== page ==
For all the dangers of travelling and partaking in adventurous activities across the world, there is one challenge which is universal across all outdoor pursuits – and that’s sun protection.
Unfortunately, it’s also one which is often overlooked by many with more extreme threats occupying the mind. We’re talking about the damage that improper sun protection can cause in the long and short term.
It may seem trivial compared to the threat of falling rocks when climbing mountains or capsizing while white-water rafting, but it’s something that can become extremely serious if we ignore the dangers of the sun.
The fact that it affects pretty much all outdoor pursuits makes it that much more important. With that in mind, we teamed up with Outdoor Research to explain exactly how you can ensure complete sun protection when outdoors.
Ultimately, our first line of defence against the sun is the clothing that we wear. There is no substitute for keeping covered up, but it’s important to be aware that not just any old clothing will do.
When looking at outdoor clothing, it’s important to pay attention to the Ultraviolet Protection Factor (UPF) each garment provides. UPF is to clothing what SPF is to sunscreen and as an Outdoor Research expert tells us, “This rating is specifically designated to rate the sun protection of textiles.”
They added: “All our sun hat styles have a 30 or UPF 50+ rating,” the difference being the percentage of UV blocking ability. “This rating is based on how much a style blocks UV radiation: UPF 30 is good, blocking 96–97.4% of UV rays; UPF 50+ is excellent, blocking 97.5–99% of rays.”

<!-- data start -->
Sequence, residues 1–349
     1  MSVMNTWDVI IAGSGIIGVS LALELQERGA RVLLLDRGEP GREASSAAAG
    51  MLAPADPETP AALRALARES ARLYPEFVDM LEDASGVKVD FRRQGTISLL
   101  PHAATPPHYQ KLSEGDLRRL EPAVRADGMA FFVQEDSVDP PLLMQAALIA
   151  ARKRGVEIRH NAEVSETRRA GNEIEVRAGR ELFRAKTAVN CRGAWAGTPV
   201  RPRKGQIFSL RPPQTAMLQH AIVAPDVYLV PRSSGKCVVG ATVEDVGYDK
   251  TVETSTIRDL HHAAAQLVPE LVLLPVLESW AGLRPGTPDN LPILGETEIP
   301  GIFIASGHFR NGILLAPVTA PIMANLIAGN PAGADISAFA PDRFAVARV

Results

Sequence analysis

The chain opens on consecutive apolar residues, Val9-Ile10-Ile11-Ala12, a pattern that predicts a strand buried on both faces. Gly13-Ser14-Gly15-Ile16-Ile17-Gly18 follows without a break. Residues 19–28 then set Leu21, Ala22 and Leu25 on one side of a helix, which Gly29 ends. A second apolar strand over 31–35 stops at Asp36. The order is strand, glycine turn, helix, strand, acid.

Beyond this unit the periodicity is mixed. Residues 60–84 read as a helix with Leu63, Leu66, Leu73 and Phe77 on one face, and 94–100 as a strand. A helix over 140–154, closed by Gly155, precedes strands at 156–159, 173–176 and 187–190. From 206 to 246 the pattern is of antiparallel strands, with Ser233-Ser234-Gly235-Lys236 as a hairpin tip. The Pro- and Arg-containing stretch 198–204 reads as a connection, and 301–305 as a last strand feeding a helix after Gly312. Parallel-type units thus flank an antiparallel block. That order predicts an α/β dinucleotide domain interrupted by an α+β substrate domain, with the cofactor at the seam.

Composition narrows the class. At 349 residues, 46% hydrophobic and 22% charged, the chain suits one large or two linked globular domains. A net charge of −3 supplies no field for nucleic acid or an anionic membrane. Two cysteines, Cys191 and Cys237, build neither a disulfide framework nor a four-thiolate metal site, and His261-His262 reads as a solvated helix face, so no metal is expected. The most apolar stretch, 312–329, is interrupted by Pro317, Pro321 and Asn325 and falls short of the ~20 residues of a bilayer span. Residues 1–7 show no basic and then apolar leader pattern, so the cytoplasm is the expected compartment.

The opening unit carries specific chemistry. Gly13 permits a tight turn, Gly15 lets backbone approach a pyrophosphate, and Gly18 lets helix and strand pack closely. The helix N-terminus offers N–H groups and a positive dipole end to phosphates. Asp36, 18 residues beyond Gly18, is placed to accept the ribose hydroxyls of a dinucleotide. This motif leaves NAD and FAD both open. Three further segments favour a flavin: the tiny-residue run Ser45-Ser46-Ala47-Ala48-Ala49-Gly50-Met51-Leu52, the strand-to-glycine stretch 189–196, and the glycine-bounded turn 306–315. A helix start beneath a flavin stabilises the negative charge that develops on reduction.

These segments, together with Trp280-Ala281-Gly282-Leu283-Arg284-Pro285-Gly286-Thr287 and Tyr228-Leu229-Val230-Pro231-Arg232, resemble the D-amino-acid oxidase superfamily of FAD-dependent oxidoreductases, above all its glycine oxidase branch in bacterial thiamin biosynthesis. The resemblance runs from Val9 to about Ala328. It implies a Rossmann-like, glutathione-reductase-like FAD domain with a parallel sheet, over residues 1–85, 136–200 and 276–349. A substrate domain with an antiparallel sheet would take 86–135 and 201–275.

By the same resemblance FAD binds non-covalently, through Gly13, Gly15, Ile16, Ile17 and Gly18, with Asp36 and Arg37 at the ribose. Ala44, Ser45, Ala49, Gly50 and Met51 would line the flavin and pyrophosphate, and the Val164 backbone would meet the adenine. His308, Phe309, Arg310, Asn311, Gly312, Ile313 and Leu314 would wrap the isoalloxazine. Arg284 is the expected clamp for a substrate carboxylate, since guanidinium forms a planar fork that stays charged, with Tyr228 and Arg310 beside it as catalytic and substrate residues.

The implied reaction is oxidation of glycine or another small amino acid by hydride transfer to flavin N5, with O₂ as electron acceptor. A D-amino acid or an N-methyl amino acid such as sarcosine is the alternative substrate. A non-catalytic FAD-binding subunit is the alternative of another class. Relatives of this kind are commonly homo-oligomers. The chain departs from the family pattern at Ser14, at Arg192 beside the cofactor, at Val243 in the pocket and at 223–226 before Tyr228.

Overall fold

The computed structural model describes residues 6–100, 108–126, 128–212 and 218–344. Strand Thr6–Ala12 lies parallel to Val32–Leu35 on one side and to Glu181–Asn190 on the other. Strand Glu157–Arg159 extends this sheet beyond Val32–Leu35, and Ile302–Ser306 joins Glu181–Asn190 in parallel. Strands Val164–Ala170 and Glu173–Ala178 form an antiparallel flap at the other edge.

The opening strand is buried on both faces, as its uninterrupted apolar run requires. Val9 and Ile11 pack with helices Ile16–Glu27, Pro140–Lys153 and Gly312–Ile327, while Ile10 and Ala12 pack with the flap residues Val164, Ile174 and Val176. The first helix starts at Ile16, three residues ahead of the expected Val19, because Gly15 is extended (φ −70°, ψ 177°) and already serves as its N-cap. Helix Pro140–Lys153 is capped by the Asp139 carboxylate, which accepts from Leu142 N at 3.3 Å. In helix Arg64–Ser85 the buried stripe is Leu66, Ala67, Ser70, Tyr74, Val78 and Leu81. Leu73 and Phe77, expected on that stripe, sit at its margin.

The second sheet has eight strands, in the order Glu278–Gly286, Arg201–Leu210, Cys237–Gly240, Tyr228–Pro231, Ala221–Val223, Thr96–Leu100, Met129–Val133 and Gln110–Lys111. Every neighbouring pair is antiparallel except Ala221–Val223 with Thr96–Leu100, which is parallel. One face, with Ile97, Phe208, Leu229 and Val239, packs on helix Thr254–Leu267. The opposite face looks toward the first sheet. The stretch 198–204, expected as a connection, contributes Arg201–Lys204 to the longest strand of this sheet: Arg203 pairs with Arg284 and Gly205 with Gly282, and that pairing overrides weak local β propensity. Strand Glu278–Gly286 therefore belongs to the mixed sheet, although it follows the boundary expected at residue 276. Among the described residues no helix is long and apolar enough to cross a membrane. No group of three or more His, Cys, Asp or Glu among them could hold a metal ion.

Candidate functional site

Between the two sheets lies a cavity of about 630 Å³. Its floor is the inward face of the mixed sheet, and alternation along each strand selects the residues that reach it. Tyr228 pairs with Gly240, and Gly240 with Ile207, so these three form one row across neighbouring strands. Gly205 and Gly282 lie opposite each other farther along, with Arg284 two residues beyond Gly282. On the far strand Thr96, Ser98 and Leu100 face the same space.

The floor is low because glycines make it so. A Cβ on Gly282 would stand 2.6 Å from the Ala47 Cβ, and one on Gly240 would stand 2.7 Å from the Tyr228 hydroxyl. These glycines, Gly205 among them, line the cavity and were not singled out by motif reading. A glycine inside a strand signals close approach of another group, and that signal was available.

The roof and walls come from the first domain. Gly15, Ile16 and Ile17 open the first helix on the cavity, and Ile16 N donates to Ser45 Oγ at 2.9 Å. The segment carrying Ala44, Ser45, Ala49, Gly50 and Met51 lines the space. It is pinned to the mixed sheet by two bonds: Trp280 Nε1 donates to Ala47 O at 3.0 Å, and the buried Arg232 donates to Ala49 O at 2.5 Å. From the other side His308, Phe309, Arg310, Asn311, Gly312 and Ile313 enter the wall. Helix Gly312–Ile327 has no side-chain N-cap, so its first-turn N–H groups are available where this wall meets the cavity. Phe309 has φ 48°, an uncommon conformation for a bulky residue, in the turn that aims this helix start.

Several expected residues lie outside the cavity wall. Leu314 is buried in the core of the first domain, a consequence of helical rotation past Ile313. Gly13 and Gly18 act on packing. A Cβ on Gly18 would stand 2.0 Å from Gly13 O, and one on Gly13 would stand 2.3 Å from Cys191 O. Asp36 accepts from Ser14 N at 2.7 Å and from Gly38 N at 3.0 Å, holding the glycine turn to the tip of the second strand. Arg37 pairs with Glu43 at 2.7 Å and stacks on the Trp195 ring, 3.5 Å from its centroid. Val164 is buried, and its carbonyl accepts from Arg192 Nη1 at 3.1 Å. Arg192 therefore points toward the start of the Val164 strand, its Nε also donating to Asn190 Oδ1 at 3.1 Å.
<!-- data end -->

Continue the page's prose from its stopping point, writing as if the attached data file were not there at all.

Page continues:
The UPF rating is determined based on the content, weight, colour and construction of the fabric and indicates just how much UV can pass through the garment. So, a shirt with a UPF of 50 will only allow 1/50th of the sun’s radiation to reach your skin. Standard white cotton t-shirts only tend to offer a UPF5 rating.
Of course, covering up in a particularly hot environment does have its drawbacks, such as overheating. So it’s important to make sure that the garments you are wearing not only offer UV protection, but that they are breathable and well vented, too.
Understandably, the type of clothing you wear will depend on what type of activity you are partaking in, but if your vice is land based adventures it’s well worth investing in a hat which offers decent coverage as well as a long sleeved top and light, airy trousers.
Picking garments with a high UPF rating and regularly applying reputable sunscreen with a high SPF is a good start to keeping safe. Below you will also find extra tips that will help in your effort to protect yourself from the sun as well as some recommended kit.
Top tips for sun protection
It’s advisable to opt for a garment with a UPF rating of at least 30 to ensure effective sun protection.
The more skin you cover up the better.
Washing new cotton garments several times should help improve the UPF rating as it tends to shrink the spaces between the fibres.
If possible, try to avoid partaking in your activities in the midday sun. Starting early and resting at the hottest part of the day will not only help protect you from the sun, but it will also make your activity easier-going.
Remember that UV light can reflect off of surfaces such as water, snow and glass, hitting your skin twice and increasing the intensity of the exposure. Counteract this by covering up as much as possible and using a sunscreen with a SPF of at least 30 for prolonged exposure.
Recommended kit from Outdoor Research
Ensenada Hoody (SRP £55)
When sun protection is critical, pull on the wicking, stretchy Ensenada Sun Hoody. Built with UPF 50+ rated fabric and a terry backer, this quick-drying sun hoody is available for men and women and is perfect for sun-soaked beaches, trails or crags. Find out more here.
Sun Runner Cap (SRP £23)
This versatile hat has a removable, adjustable neck guard that shelters you from harsh rays or can be removed when you need only ball-cap coverage. The lightweight fabric provides UPF 50+ sun protection, and mesh side panels allow air to flow over the sides of your head. Find out more here.